RYCO Secretary General Mr Đuro Blanuša pointed out that RYCO is a result of cooperation between the governments of the region and civil society organizations. He said that RYCO is one of the reconciliation mechanisms in the region. “We are doing everything we can to bring the young people together, but also the societies and people of the region. We want to give an opportunity to the young people to learn from each other, overcome prejudices and stereotypes as they would cooperate, make new friendships and develop new ideas”, Mr Blanuša concluded.
The six projects supported by RYCO presented their activities and project ideas. Despite the fact that some of the projects are still being implemented, they achieved essential results in connecting the young people, the high school students at the first place, who were visiting their peers in the region, worked together on creative initiatives as well as created new conditions for improvement and further development of reconciliations prospects and strengthening common understanding of the young people in the Western Balkans.
The conference was a great success. The 20 workshops, panels and informal spaces were refreshingly interactive and extremely rewarding. In the words of Picasso, “inspiration exists, but it has to find you working”; and indeed, as practitioners interacted and harmoniously worked together at the conference, inspiration thrived.
For many participants, the conversations and ideas sharing did not only inspire them professionally but also personally. The keynote address and plenary on the first day provided a useful and critical foundation by laying down the contextual relevance and realities in the field as well as facilitating an “energetic and interesting” discussions. The Plenary One titled ‘Mapping the Needs and Challenges in the Field of Peace Training’ in particular elicited enthusiasm among the participants who in the spirit of camaraderie openly engaged in the group discussions; ‘providing a momentum’ which made the conference special and fit for purpose. Plenaries and workshops on novelty, self-care and stress management, CSDP training, e-learning methods and approaches, leadership development, networking among others were professionally inspiring and personally motivating. One participant noted of her experience from the session on self-care and stress management: “It has reminded me about the importance of the “human factor” in peace training and that courses can and should do much more in preparing staff working in difficult environments…It inspired me to include self-care and stress management techniques in modules in courses I design and organize.”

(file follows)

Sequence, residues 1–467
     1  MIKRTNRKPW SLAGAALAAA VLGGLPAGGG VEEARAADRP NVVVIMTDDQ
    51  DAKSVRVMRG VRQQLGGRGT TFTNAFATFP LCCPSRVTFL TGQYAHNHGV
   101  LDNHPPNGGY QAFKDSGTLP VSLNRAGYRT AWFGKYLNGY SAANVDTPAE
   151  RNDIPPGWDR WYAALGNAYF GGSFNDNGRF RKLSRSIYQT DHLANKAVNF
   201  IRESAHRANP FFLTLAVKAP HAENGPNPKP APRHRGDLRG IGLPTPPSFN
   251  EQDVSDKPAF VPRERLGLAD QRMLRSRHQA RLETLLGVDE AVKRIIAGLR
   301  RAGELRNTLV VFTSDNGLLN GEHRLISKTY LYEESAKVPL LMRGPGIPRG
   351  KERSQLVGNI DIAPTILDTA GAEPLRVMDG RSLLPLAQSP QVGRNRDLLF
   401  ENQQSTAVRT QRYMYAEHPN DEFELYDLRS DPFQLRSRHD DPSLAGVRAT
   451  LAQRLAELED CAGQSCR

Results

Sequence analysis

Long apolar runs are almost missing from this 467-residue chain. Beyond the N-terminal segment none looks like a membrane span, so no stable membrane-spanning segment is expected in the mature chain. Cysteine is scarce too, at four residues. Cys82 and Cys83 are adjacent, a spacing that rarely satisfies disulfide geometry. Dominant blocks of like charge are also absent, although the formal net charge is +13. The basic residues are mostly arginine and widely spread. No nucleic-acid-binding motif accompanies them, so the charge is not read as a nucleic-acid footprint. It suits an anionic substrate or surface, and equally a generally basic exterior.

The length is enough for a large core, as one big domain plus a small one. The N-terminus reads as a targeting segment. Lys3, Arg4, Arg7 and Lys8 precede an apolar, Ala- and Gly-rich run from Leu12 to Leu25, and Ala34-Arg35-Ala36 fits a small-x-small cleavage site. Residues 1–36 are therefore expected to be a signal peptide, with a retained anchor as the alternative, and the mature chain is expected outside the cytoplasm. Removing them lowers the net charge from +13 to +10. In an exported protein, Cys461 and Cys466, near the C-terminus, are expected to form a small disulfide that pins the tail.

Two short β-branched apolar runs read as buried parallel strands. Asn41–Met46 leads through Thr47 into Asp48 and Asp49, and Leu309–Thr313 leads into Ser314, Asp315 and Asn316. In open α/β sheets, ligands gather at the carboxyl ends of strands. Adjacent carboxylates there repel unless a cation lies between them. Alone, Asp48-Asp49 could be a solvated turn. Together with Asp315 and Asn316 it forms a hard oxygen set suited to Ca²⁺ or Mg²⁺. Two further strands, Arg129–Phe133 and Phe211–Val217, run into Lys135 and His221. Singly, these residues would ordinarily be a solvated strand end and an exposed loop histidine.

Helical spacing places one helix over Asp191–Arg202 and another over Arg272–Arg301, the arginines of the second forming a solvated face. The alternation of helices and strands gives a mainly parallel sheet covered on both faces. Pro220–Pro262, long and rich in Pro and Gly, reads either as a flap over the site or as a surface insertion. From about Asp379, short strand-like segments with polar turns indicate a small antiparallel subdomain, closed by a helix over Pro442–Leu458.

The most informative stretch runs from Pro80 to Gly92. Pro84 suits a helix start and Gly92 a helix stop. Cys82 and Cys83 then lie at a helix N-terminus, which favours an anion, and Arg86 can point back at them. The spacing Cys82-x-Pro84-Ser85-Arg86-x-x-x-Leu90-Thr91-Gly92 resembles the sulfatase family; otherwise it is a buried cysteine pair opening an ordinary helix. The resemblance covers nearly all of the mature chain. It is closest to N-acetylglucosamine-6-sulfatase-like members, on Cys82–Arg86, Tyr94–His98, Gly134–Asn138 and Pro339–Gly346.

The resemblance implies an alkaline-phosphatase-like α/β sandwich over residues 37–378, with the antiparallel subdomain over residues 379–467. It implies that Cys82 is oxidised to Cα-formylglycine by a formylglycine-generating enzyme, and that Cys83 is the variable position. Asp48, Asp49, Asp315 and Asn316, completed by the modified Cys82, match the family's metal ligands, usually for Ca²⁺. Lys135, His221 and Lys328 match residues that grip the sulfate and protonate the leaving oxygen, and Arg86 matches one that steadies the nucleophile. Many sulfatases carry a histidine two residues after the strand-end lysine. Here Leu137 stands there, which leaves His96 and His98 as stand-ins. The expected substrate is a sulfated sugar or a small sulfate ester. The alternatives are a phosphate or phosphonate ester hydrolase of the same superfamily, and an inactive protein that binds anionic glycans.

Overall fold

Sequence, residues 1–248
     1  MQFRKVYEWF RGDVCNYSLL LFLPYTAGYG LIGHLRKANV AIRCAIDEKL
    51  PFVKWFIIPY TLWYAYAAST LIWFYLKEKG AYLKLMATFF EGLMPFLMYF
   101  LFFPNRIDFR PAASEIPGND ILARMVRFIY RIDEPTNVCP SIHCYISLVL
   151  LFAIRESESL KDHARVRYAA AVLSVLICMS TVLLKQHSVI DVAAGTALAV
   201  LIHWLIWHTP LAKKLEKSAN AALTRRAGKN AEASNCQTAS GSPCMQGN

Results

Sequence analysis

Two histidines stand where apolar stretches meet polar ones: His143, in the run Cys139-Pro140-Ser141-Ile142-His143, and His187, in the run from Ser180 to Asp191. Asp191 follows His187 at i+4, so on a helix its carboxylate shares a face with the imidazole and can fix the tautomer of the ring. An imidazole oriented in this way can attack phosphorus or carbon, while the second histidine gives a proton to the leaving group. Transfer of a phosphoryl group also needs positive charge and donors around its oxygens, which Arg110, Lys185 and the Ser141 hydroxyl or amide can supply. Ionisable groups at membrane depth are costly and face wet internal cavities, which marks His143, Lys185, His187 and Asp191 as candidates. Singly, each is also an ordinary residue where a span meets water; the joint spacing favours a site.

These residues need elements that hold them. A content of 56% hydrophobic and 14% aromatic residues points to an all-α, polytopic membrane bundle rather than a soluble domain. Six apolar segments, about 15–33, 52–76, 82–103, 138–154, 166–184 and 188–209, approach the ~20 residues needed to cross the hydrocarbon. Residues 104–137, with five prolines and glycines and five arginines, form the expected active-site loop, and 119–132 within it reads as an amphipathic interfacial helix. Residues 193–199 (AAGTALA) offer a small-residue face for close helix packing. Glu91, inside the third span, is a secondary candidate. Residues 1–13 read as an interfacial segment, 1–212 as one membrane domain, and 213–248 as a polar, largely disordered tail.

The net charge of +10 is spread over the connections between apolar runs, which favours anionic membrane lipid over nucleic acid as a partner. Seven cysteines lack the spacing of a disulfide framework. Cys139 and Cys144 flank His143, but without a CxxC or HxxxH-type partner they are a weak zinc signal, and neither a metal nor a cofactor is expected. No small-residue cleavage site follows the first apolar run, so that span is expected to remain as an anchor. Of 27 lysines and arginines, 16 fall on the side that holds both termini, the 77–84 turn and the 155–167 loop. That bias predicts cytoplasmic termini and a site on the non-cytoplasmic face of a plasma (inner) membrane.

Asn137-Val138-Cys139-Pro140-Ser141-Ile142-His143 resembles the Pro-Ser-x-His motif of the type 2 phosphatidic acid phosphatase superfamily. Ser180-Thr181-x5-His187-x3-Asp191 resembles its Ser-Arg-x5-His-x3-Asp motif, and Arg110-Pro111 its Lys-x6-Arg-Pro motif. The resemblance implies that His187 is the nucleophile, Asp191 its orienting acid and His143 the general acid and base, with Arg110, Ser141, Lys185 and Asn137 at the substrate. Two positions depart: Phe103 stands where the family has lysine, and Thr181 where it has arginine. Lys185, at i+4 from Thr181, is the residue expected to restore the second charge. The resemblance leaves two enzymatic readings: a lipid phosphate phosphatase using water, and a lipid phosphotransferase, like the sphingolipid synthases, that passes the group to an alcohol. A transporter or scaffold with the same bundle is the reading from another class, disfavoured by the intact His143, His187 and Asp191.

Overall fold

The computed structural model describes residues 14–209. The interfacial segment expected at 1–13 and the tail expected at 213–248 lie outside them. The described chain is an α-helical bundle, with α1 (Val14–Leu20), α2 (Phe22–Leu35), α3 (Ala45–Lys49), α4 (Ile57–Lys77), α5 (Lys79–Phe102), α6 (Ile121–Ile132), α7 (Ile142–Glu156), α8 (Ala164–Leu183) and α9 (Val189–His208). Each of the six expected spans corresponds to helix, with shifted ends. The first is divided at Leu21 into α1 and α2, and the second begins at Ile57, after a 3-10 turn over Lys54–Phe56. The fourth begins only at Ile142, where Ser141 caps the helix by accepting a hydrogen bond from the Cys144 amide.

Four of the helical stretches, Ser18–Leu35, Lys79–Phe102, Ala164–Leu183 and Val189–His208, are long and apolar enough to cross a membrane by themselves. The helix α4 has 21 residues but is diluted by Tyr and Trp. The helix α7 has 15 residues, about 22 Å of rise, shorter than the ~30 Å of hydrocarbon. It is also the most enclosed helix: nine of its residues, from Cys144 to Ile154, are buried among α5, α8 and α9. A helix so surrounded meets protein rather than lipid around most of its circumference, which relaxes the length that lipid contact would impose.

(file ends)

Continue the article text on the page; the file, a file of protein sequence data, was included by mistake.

Furthermore, it is said that ‘iron sharpens iron’ and indeed, the creation of such collaborative spaces allowed for the co-creation of new knowledge and learnings as well as much needed ‘fresh’ insights as participants interacted and shared their experiences with each other. Over the course of the 2-day conference, participants learnt new tools and ideas from each other which they could apply in their CPPB work. Serious games such as Mission Zhobia ; arts-based methods such as image sculpting and participatory videos; USIP online courses on CPPB ; and human-centred approach to training; were among the many new learnings which participants benefitted from.
The demonstration of Mission Zhobia expounded the complexities of using and evaluating the impact of technological/computer-based games in training especially in conflict settings, whilst highlighting the potential benefits such games could have in future CPPB trainings. These workshops proved that “accessible forms of e-learning, serious gaming and simulation have a huge potential that should be explored, tested and evaluated in the future.” Additionally, “micro-courses” such as those introduced by USIP are not only cost-effective and time saving tools for self-paced learning, but also a step towards the development of more innovative tools such as mobile/smartphone training apps. These will facilitate easy access by trainees across different continents.
Undeniably, while progress has been made, there are also challenges which continue to persist in the practice of CPPB and peace training; some of which were equally underscored during the conference and are consistent with our project findings see reports.